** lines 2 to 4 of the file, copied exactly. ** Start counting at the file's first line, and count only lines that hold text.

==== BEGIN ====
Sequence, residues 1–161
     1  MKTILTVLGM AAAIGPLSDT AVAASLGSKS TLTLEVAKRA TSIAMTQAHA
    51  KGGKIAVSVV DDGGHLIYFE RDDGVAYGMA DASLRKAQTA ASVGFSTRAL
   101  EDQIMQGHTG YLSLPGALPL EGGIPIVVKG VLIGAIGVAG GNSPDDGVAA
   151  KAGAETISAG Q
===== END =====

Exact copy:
     1  MKTILTVLGM AAAIGPLSDT AVAASLGSKS TLTLEVAKRA TSIAMTQAHA
    51  KGGKIAVSVV DDGGHLIYFE RDDGVAYGMA DASLRKAQTA ASVGFSTRAL
   101  EDQIMQGHTG YLSLPGALPL EGGIPIVVKG VLIGAIGVAG GNSPDDGVAA